1. Can we connect it to the Bjornings and the nykr somehow? There could be clues that the tower fell recently (the raiders are still clearing away the debris, townsfolk along the road talking about the tower falling). All of this could have happened within the last few months, but it had something to do with the Bjornings and the Nykr. Perhaps there was a group of Bjornings that came out here first, but they mysteriously disappeared. This second group of raiders is continuing the mission against the Gott and also trying to discover what happened to the other group (thinking them killed by the Gotts). This would play off the theme of “power.”
  2. On the other hand, I do like the idea of the Black Wyrm. I can imagine it swooping down and pushing on the tower with its hind legs. This would connect the theme of history repeating itself (the conquerors become the conquered).
What is the state of the tollgate now?

The Bjornings have cleared away enough of the debris to salvage the lower gatehouse of the southern hightower. They have a makeshift roof of tied-together blankets that keeps the snow off of the supplies inside the room. They use it for extra storage and non-essential items.

How do the Bjorning raiders cross to the north bank?

The Bjornings have created a crude rope bridge to cross the gap caused by the ruined bridge that serves as a secondary defense mechanism of sorts. A detail known to the Bjornings, the bridge can hold no more than two men at a time, or little more than one man with a full pack. To help with the burden of more successful raids, the bandits have installed a net on a secondary rope line above the bridge, which can be pulled to either side of the bridge with pulleys hooked to the wooden pillars the rope is bolted to. The line is able to hold significantly more weight than the bridge itself.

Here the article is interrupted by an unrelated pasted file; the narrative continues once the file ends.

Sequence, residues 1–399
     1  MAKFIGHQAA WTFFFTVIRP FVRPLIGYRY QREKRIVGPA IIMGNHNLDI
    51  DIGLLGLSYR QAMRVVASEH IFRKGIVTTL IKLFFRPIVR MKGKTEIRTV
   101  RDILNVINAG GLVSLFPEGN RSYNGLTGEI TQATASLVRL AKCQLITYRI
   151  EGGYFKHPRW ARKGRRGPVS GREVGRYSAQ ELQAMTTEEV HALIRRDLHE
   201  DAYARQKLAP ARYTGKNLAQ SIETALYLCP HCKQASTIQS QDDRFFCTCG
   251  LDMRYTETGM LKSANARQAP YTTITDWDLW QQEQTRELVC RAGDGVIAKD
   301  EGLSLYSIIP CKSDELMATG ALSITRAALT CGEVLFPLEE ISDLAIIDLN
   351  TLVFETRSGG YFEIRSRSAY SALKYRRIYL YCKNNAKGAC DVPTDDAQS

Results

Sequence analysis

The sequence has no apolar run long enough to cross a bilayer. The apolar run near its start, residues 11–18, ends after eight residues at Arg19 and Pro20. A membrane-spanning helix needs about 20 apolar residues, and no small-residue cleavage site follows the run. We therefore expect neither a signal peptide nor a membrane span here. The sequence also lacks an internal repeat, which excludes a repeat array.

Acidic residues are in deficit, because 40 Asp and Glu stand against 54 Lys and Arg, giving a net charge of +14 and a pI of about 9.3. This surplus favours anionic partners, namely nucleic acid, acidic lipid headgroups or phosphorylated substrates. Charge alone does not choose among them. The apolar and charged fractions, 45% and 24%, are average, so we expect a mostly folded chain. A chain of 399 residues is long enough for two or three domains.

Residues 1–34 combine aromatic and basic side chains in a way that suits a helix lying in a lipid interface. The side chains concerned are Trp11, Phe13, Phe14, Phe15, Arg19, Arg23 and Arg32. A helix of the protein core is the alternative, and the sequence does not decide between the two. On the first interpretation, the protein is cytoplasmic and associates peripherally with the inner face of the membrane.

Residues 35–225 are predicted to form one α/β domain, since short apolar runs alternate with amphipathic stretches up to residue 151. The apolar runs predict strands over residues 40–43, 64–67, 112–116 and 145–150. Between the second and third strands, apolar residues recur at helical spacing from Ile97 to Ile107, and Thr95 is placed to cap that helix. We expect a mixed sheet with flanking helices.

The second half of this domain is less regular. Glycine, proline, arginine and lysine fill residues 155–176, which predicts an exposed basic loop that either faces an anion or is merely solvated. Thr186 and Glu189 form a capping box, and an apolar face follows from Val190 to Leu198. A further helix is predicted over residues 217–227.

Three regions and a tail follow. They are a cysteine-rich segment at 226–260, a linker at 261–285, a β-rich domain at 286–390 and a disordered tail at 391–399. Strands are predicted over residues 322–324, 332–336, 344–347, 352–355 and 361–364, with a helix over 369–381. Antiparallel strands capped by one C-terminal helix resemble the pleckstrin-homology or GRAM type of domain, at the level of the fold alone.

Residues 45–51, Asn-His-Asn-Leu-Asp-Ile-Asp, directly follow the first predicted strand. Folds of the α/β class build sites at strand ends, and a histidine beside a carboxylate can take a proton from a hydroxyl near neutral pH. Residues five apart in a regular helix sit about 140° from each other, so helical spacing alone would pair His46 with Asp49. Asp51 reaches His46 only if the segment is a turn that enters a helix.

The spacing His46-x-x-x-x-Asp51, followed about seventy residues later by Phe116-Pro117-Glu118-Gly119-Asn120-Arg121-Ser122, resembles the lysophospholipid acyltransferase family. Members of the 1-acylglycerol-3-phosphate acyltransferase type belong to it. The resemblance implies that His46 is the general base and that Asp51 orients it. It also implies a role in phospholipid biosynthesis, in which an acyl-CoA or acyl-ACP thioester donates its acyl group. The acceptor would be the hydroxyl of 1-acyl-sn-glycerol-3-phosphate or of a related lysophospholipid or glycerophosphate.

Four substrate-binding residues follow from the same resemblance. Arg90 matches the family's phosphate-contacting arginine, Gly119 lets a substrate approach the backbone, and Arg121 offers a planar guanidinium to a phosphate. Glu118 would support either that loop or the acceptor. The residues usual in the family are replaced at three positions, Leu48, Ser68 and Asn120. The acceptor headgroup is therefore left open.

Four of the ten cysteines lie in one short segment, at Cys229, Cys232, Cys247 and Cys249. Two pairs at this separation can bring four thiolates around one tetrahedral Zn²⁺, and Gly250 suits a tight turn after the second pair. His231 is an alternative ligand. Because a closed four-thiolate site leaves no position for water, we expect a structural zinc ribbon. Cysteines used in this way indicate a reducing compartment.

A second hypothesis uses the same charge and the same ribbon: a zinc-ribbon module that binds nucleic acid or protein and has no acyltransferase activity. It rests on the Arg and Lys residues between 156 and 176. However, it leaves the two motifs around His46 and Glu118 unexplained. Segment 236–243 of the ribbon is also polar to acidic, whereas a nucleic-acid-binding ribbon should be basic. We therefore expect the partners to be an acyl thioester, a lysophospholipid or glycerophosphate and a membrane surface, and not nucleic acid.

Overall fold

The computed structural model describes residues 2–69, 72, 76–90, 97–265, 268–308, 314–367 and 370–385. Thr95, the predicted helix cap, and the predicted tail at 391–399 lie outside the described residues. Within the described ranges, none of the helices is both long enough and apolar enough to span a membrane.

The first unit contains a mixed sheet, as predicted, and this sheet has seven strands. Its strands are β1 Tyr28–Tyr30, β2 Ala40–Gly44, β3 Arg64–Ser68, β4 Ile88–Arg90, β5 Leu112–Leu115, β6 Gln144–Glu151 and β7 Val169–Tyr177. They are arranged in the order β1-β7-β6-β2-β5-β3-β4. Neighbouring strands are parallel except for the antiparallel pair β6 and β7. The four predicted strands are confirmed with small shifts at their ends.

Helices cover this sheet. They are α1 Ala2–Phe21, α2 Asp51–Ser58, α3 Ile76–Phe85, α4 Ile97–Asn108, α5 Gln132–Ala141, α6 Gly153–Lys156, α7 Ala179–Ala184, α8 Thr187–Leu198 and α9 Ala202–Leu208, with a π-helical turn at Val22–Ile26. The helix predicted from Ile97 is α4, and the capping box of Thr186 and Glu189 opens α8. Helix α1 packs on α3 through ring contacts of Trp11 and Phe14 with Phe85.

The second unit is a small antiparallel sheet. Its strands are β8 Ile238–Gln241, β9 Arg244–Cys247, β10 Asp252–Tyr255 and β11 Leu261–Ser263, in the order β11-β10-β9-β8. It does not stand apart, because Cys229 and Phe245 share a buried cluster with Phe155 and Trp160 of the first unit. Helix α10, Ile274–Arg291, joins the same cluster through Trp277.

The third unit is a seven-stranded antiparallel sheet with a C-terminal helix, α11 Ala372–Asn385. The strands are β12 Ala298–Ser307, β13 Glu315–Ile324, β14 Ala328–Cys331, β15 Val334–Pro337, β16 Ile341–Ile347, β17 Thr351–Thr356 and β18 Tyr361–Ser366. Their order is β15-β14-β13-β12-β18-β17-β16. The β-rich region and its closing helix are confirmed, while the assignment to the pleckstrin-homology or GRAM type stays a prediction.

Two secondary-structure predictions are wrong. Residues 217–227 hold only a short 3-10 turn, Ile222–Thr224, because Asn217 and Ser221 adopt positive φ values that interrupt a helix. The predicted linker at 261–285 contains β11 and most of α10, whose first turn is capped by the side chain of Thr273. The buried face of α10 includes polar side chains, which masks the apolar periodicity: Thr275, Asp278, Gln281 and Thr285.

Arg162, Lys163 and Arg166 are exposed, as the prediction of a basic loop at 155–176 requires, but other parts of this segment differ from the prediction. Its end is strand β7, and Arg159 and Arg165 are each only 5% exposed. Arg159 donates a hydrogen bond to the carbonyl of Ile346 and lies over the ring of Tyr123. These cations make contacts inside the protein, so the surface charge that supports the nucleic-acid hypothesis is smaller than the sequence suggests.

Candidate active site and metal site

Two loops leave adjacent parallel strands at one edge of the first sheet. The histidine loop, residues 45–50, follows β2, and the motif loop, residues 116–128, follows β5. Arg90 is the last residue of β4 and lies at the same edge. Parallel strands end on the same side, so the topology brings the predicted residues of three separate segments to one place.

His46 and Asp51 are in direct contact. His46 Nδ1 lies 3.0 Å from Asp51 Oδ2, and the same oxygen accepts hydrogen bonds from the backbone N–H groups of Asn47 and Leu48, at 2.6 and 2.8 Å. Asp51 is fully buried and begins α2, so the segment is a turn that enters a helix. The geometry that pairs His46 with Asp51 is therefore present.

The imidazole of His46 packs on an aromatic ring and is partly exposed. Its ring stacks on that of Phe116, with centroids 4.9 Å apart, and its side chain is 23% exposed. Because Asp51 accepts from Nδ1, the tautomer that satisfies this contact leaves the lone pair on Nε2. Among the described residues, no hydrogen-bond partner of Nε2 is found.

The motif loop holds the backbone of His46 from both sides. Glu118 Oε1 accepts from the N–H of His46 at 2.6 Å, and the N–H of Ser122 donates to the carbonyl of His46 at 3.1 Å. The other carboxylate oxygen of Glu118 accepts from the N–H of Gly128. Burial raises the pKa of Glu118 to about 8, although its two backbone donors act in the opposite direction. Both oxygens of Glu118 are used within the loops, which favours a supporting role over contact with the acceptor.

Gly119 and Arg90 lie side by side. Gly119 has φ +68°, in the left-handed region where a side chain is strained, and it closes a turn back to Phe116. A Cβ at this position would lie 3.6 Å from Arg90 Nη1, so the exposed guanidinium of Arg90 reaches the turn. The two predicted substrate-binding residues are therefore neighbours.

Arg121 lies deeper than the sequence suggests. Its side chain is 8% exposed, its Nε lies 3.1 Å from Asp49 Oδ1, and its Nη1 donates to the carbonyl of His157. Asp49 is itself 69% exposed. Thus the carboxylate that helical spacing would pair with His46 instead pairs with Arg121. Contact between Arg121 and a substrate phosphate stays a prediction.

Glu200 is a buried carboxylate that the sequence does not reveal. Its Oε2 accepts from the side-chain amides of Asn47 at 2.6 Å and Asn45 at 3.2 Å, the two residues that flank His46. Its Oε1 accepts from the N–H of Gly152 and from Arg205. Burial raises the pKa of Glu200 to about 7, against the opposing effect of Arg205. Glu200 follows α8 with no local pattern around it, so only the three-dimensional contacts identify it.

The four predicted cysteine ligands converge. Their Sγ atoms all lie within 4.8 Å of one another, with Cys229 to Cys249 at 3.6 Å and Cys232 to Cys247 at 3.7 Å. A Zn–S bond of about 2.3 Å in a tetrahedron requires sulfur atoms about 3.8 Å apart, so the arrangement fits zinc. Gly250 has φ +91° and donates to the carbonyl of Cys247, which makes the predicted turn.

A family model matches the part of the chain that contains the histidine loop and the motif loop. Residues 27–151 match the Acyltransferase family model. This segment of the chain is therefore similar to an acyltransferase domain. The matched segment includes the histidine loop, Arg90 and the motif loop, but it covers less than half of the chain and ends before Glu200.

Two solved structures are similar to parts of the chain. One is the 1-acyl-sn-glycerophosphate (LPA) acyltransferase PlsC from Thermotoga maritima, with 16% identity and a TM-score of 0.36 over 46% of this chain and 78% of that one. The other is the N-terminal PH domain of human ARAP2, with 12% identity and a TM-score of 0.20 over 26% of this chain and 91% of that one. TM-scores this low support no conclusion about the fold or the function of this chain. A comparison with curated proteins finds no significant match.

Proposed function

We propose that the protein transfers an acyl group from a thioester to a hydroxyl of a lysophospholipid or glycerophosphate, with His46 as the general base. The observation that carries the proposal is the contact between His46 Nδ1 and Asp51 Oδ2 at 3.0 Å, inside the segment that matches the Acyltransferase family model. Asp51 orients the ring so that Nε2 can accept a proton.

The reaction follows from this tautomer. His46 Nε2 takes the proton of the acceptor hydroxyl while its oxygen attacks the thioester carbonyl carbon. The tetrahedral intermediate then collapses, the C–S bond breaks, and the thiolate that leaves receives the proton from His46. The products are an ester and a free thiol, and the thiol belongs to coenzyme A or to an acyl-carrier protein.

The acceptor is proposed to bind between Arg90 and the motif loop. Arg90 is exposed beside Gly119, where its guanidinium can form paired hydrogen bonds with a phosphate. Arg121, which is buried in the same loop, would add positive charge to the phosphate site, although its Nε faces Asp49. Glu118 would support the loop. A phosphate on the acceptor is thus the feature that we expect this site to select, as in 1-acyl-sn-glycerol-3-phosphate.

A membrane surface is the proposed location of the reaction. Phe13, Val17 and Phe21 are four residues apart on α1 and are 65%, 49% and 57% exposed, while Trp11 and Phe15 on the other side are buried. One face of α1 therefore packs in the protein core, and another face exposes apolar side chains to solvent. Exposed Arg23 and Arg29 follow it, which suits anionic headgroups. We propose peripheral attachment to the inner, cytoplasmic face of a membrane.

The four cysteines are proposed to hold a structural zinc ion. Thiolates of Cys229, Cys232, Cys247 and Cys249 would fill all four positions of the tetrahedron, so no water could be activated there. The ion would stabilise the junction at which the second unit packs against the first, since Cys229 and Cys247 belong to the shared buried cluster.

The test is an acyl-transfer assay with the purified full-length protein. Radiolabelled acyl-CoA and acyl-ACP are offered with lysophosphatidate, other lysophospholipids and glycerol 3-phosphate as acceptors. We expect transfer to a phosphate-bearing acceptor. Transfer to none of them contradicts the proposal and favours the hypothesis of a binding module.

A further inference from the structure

The bridge is firmly staked on the northern side of the gap, but on the opposite end is only knotted to a wooden beam at two points to allow for quick collapse in case of emergencies. Easily missed is a smaller, thinner cord attached to the last board on the southern side of the bridge that serves as a means to pull the bridge back up after it has been disconnected rather than having to rebuild the bridge from scratch. This has lead to many a Bjorning to return from a raid on the northern bank only to find themselves offering trinkets or an extra turn fetching firewood to a watchman who has disconnected the bridge on the other side.

The Secret Bit

One thing we haven’t figured out yet is the hidden entrance in the Middle Tower that leads to the lower part of the tower and the underwater passage to the nykr’s prison (area 9). Where is it? What does it look like? How is it hidden? How does it work?

Provide feedback

So what do you think? What works for you? What doesn’t? Give me your suggestions and critiques. New ideas are welcome too! In the next Robber’s Bridge installment we’re going to nail these details down and start thinking about what the various players want.

Categories: Tabletop Gaming Blogs

Adventure Design: Robber’s Bridge (Part IV)

Thu, 01/10/2019 - 14:00
Robber’s Bridge Concept Map by D. Koch

Check out this amazing concept map from Mordite Press developer D. Koch! This is really starting to come together!

If you’re new to this series, we’re collaboratively developing a short Torchbearer adventure.

If you need to catch up: